So: The history of hot air balloons is amazing and hilarious. I first heard about it in The Age of Wonder
and was sufficiently delighted by its anecdotes of deadly ridiculousness that I vowed to include an aeronaut in the Society, even if that inclusion was super funny only to me. There are stories about the first mile-high club (an invention prioritized over the invention of basic steering, if I recall) and balloons that were more or less designed to catch on fire (or at least, it was such an inevitability that the pilots carried wet sponges with them) but I can't cite them very easily because I had the audiobook version, and finding all that stuff would be kinda hard. Sorry, that is lazy of me.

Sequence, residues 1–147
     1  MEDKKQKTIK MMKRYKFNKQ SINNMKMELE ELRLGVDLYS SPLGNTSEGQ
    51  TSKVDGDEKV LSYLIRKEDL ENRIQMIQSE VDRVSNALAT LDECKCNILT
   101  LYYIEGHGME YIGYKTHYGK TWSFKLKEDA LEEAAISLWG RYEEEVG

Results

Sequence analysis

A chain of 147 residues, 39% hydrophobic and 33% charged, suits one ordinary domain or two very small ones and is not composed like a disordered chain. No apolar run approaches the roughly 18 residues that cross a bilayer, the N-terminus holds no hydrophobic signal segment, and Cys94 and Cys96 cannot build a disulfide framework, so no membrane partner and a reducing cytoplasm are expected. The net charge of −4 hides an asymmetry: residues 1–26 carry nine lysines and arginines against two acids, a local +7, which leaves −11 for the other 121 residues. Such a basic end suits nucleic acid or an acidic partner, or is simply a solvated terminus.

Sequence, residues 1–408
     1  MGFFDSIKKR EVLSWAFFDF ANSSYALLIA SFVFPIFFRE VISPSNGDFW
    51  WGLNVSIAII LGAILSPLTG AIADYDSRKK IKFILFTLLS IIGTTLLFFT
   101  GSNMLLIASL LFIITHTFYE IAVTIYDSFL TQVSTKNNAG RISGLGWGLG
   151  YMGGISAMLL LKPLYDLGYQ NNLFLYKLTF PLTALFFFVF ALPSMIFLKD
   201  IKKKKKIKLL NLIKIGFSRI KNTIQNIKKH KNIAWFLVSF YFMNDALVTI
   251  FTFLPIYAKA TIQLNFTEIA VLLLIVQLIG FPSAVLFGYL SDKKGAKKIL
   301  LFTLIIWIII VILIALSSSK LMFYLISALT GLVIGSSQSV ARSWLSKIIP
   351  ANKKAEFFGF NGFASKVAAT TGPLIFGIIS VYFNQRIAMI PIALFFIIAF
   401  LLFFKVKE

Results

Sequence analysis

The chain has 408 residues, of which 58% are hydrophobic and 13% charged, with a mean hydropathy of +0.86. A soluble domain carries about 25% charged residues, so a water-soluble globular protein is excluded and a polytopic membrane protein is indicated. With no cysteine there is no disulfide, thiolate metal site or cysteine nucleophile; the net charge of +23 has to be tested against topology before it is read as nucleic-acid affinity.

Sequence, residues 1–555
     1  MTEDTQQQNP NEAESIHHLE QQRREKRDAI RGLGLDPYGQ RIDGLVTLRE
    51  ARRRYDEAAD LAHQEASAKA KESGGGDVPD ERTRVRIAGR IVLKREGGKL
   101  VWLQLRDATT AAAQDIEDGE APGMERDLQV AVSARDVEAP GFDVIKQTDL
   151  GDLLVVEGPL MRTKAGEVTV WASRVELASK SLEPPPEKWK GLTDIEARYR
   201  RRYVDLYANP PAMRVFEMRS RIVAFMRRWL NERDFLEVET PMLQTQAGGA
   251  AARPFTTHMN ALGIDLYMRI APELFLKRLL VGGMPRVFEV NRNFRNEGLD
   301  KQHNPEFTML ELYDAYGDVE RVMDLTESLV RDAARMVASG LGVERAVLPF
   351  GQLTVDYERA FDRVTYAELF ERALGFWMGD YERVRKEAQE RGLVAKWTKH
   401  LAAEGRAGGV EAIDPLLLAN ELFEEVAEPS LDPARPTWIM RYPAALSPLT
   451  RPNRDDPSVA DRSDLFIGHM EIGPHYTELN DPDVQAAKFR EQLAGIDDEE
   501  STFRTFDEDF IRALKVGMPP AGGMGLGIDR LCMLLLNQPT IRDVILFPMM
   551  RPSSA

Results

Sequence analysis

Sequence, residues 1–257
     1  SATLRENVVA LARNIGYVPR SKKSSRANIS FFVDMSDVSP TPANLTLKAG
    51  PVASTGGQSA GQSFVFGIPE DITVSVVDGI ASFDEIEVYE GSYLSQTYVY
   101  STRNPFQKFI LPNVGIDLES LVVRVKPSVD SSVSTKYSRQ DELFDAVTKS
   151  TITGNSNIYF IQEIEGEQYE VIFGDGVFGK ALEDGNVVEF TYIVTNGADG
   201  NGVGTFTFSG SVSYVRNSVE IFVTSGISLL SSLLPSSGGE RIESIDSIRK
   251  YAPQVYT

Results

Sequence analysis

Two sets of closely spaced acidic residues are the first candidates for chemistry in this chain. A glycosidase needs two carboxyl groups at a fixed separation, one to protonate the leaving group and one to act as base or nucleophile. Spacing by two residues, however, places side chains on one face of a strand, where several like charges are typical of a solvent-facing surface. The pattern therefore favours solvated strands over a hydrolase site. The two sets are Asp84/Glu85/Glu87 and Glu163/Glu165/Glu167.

Most of the professions in the Society are based on theories that could never work in real life (unless you stretch it--saying that Jekyll's neoalchemy is just weird chemistry, for instance), but not Dr. Bryson's. He's just a regular old aeronaut, because aeronauts were weird as shit and you don't really need to make them stranger to fit into this storyverse. His abilities are a bit Méliès-y, though--he can use his balloon to float up into an ether-y space and explore the stars. I expect his real-life counterpart would be horrified by this sort of unscientific stuff.